A surge of power flowed into his body and he gasped as it filled every cranny of his being: he felt as if he were on fire, as if hot gold flowed in his veins, as if he would explode if he did not burn up before that. The boy threw back his head and Sang.

The notes, soft at first, full of anguish and pain, dipped in confusion, soared into bittersweetness, running through the minors and grazing against the majors. Wordlessly, he sang – he sang pain into existence, sharp barbs that stung and bled; thick oozing blood that stained and would not be washed away. When he ran out of pain, he dipped into the depths of loneliness, the strain of always being together but always apart, the secret knowledge that he denied himself: that Beauty only wanted him for what he had, and not who he was, the knowledge that if he married her, if he pursued her, he would always be alone; her heart was not made to be shared. But what of his? He searched for the right notes, for the right swell, for the right flow to ride. He sang of comfort and contentment, of the pride of being, of the way he hid his heart, how he carefully held in his generous spirit and loving nature because it would never do, never ever do, as a Prince of the Land to fall in love with – with Cherry. Cherry, the sweet girl who had once brought his dinner every night without fail, who had once listened to him ranting without a word, who still managed smiled at him when he was exceptionally mean, who told him in the quiet of the night before he went to bed that he was an insufferable prick and his mother would be disappointed in him as a man, who he had dismissed without a word because she – he – she - his song softened as the tears flowed again, releasing the pride in him, releasing the pain and the hurt and the confusion, as he consolidated himself, throwing away the things that were bad, digging deep again for the boy he once was, and trying to become the man, the Prince, the King he would one day be.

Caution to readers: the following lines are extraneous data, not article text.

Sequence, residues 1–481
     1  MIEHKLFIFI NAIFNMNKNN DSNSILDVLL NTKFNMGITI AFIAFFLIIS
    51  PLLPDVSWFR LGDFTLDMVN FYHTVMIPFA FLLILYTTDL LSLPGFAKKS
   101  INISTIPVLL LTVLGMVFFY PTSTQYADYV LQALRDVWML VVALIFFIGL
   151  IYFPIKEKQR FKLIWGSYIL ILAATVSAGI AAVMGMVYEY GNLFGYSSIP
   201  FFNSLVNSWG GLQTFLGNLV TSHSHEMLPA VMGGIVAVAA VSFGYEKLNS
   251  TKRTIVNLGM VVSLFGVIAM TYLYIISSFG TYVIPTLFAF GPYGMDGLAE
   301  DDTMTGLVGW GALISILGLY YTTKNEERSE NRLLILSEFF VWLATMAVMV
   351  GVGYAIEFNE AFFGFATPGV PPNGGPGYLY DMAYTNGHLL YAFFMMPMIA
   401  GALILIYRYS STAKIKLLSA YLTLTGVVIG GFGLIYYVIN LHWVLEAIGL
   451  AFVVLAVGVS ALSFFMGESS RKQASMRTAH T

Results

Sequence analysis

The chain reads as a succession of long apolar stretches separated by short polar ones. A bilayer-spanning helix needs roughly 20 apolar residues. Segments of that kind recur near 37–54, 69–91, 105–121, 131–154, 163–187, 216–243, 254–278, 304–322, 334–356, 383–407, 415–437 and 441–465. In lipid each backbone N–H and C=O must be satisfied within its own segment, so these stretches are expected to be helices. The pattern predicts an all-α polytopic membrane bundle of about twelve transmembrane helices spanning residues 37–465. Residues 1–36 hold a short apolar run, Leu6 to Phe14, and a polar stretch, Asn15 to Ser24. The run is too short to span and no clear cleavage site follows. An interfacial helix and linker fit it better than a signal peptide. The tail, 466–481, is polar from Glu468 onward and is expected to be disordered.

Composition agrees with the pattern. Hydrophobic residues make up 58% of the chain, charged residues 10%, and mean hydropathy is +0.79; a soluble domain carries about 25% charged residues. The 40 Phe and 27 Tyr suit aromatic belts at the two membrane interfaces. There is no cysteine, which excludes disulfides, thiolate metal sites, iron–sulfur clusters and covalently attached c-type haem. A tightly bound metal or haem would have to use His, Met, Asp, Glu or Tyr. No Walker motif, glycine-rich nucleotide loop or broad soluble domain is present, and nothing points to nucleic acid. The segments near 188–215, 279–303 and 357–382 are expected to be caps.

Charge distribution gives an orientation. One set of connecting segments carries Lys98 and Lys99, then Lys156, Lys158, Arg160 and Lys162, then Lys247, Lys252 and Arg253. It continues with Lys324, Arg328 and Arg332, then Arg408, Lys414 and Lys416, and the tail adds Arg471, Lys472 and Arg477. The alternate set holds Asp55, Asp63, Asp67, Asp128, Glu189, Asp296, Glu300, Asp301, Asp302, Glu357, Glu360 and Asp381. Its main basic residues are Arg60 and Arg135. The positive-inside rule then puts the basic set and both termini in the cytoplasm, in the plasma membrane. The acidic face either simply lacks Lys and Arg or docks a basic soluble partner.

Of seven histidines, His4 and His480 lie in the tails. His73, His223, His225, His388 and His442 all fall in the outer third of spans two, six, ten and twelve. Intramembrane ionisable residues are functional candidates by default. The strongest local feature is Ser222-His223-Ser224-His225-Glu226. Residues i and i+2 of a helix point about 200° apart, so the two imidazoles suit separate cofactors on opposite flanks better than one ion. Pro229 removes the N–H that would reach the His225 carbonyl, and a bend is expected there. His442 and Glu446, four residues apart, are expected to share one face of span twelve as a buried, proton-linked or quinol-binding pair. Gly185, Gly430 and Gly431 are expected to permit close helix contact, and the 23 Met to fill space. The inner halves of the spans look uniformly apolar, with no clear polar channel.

Song opened his eyes.

Wednesday 6 November 2013

A quick half-asleep update

Nanowrimo started on Friday and I have less than 2,000 words.

Mainly because I took a 18 hour train to Hua Hin on Saturday afternoon, before which I was up almost all Friday night and Saturday morning trying to fix edits for Love in Penang before I left (which I didn't manage to and have to continue tomorrow). And so I was sleepy all afternoon on the train, through a few games of Resistance, and then we had dinner during which I felt train sick, so as soon as they fixed up the beds I took an early night.